Blog | Technology

A Human Machine Interface fit for SCADA

Uroš Malenšek

In Cosylab, we perform a lot of work on control systems for various domains and applications. We also complete our fair share of SCADA (Supervisory control and data acquisition) systems that are getting more popular in the scientific and medical domain due to their steadily evolving capabilities as a real-time system. One of the recurring tasks was finding the best solution sweet-spot system for constructing a project-specific SCADA’s HMIs.

Bespoke GUIs for SCADA?

Human Machine Interfaces (HMIs) are what the operators use in the control room to supervise and manage the industrial or scientific control system. In essence, they are the graphical user interfaces and the underlying logic that help operators achieve high-level supervisory management.

It makes little sense to create customised GUIs for specific SCADA projects every time from scratch. It does make sense to use a software framework or tool-set that enables the developer team to reuse the GUI logic and layout from one project to the other as much as possible.

Furthermore, in today’s world of mobile applications and cloud-based web solutions, users have become familiar with the all-pervasive new “look and feel” of modern GUIs aimed at the mass user market and based on usability studies.

Beckhoff TwinCAT HMI to the Rescue!

When we started a recent new project, we were faced with the dilemma of which tool to choose for HMI development that would guarantee long-time support and reusability.

The visualisation solution that comes with TwinCAT 3 and produces application running on the PLC was running out of support. As its successor, Beckhoff introduced TC3 HMI (human-machine interface). The latter is a new industry solution for a modern web-oriented HMI which comes in two packages:

  • * TE2000 – TC3 HMI Engineering, and
  • * TF2000 – TC3 HMI Server.

The TC3 HMI Server is the webserver on which the HMI application (developed with the TC3 HMI Engineering) can be published and served as a web page. It connects to the PLC on one side and serves the web browser that renders the content to the user. Even though the solution was initially not quite stable yet for our purposes, we chose the latter but promised support and fast release cycles with updates. We accomplished most of the engineering work with the TC3 HMI Engineering package, publishing it on TC3 HMI Server.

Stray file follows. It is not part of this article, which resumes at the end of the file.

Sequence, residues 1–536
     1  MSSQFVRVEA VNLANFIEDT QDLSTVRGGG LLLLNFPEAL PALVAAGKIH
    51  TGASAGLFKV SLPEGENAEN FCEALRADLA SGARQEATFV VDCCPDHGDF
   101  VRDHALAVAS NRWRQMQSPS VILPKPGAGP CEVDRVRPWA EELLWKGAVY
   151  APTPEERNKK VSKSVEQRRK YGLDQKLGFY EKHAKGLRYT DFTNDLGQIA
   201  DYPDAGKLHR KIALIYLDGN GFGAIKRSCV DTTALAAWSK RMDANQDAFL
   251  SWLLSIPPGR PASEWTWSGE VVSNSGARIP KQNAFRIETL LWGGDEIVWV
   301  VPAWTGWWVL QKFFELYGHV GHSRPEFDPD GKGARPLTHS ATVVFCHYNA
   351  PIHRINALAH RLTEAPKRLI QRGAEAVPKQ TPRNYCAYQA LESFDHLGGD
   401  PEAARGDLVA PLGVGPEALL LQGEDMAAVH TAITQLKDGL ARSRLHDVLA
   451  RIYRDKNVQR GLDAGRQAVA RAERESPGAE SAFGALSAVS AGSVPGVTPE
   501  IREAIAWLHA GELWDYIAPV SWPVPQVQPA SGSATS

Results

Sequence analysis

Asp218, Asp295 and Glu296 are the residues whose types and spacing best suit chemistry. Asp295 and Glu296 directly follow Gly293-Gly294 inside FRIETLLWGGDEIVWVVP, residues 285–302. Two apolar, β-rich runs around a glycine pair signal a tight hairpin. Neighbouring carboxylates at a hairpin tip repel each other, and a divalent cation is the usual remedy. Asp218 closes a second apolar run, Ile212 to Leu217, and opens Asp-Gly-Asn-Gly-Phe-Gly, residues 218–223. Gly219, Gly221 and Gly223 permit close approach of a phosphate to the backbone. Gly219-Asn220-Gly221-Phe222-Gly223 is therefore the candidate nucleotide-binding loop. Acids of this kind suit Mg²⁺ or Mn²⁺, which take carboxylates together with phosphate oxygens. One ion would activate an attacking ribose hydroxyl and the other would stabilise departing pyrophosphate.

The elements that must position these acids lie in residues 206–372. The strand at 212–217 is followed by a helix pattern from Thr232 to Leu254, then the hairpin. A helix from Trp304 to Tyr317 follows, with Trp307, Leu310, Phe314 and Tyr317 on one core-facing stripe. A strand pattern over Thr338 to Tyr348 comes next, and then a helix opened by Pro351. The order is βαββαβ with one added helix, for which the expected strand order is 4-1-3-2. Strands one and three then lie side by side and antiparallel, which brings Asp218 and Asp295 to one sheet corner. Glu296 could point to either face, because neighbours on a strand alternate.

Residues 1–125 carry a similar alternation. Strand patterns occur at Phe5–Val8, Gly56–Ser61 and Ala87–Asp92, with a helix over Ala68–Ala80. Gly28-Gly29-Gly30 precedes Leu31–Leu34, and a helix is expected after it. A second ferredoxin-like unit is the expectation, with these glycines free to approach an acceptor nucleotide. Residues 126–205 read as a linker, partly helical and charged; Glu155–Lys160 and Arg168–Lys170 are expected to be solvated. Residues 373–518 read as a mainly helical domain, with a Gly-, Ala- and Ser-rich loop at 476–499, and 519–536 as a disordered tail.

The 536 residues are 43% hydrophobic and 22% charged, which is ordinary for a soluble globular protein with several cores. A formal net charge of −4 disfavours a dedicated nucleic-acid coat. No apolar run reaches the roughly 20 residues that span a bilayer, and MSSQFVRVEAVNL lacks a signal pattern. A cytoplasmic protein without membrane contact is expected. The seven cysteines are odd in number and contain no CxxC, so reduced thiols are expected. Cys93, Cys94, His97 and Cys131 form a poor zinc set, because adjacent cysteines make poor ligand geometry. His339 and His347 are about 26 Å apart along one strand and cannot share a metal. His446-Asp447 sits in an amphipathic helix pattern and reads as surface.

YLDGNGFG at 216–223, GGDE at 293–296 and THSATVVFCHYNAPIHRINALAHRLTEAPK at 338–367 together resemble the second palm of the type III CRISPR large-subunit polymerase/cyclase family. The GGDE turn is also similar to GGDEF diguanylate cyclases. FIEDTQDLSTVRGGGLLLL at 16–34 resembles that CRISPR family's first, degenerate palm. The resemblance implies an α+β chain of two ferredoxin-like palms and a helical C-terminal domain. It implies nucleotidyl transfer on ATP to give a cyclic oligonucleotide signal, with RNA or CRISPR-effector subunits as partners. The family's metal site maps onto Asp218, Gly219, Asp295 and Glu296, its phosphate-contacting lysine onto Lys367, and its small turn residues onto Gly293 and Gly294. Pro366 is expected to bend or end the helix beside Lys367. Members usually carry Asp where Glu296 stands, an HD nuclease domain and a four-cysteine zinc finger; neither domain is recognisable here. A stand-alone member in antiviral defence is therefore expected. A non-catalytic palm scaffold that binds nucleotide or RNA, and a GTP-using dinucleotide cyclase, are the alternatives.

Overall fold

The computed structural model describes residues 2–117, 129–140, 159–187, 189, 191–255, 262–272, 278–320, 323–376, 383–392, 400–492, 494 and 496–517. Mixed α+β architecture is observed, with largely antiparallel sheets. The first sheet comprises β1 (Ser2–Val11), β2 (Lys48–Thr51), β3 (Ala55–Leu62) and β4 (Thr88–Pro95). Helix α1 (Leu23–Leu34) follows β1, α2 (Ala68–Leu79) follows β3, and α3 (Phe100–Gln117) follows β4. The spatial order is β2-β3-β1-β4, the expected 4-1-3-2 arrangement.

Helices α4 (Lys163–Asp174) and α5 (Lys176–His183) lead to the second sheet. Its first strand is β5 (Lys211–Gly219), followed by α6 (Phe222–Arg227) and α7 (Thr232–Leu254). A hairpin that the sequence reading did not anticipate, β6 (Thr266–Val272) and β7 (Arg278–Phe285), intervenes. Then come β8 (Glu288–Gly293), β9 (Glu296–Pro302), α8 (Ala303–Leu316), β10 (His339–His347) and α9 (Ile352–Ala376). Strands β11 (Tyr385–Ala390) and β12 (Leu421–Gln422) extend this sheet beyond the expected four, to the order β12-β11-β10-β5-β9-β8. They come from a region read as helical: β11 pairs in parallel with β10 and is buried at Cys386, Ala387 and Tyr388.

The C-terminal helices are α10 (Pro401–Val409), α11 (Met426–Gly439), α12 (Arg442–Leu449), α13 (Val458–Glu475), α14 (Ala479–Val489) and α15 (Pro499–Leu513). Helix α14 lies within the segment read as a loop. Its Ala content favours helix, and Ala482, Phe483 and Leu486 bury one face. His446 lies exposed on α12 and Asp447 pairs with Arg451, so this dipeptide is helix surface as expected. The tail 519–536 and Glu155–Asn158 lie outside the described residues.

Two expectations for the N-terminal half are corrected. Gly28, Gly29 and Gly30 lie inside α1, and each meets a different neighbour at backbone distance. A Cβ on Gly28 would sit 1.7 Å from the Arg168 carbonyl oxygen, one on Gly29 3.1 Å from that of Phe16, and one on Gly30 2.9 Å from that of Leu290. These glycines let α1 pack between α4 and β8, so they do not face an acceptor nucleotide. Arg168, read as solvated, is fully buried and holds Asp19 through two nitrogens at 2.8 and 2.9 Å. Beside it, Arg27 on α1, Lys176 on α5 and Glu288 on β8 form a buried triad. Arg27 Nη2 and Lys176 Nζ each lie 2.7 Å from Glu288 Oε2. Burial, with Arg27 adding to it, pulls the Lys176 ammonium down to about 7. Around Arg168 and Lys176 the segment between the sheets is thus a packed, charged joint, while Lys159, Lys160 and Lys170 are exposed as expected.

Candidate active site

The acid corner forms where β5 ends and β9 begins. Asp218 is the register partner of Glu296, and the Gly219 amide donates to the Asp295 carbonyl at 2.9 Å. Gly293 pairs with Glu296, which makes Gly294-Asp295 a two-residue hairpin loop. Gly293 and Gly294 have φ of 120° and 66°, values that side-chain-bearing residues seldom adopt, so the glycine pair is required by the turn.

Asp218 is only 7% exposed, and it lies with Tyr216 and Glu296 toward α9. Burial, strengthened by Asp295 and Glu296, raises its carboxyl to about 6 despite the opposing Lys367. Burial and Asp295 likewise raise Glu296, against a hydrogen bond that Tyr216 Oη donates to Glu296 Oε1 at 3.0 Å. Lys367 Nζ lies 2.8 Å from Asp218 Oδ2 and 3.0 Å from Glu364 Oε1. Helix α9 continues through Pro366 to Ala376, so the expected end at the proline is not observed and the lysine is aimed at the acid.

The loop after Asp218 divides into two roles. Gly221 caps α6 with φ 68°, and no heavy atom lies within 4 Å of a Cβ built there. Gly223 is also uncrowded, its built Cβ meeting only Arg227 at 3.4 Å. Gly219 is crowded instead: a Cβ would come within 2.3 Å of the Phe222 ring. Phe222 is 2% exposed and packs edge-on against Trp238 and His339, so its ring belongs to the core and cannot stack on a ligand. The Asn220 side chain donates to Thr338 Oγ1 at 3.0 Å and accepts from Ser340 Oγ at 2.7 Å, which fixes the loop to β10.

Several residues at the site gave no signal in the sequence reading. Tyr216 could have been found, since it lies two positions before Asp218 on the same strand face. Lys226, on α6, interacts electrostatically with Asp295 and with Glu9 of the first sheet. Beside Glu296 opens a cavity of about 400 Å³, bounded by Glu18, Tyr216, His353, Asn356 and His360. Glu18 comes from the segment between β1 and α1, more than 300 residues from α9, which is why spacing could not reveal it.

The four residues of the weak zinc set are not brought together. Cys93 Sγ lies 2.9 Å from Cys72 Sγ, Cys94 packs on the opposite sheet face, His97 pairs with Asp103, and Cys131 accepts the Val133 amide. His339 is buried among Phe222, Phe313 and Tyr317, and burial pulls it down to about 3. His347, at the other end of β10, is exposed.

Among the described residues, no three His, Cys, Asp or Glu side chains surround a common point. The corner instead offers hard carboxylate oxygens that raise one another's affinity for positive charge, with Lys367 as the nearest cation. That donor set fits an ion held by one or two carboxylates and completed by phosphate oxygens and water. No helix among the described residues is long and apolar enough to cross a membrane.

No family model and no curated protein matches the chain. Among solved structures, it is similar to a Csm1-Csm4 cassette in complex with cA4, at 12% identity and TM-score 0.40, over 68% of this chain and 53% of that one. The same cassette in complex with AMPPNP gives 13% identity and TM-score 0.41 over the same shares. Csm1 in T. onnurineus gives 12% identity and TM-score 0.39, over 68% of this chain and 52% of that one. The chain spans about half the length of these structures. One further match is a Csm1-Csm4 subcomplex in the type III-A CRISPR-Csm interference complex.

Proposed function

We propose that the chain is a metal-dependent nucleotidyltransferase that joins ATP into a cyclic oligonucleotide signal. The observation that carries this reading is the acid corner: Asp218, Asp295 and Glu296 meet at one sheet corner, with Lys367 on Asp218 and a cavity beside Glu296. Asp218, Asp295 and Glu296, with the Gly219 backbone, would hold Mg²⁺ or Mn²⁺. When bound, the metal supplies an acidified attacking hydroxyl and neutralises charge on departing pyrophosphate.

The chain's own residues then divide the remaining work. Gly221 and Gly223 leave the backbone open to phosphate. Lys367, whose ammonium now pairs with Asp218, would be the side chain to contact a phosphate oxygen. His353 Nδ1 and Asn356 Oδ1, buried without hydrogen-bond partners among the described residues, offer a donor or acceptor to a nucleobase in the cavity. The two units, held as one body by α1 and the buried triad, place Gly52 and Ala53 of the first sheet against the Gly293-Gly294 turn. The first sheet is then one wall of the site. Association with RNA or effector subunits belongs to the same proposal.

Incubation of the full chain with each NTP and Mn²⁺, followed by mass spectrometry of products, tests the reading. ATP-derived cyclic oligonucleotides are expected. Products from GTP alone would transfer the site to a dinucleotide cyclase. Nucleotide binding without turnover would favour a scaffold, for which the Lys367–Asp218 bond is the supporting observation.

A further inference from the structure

TC3 HMI Engineering (TE2000)

The engineering tool, TE2000, comes as a Visual Studio extension. In the beginning, it gave us some hard times regarding stability and occasional corruption of project files. Things got better with the tool’s updates, and Git also turned out to be of great help. Putting aside TE2000’s teething problems, we grew to know the tool as a complex environment with a rich set of possibilities and a user interface with many buttons, tabs and dialogues. The learning curve was steep, and the changes consumed time. Luckily, TE2000 has features that support the object-oriented approach.

What I will present

I will describe some practices I found helpful in speeding up HMI construction by taking the object-oriented approach and reducing the number of buttons (clicks) and dialogues. Secondly, I will present specific controls that we find essential, are complex to use, or both. In the end, I will discuss an example of binding/mapping the process variables and commands from PLC to the HMI. The main goal there will be to “define once and reuse many times”. This way, your code will be more robust and easier to maintain.

Good practices

CSS classes

By employing CSS classes, we can avoid defining the style properties like colors and borders directly for each control. When using CSS classes and putting them on the controls property list (i.e. Common->ClassNames of type ClassNameList) it is much easier to change the whole list once than changing several color properties on an event (i.e. status change).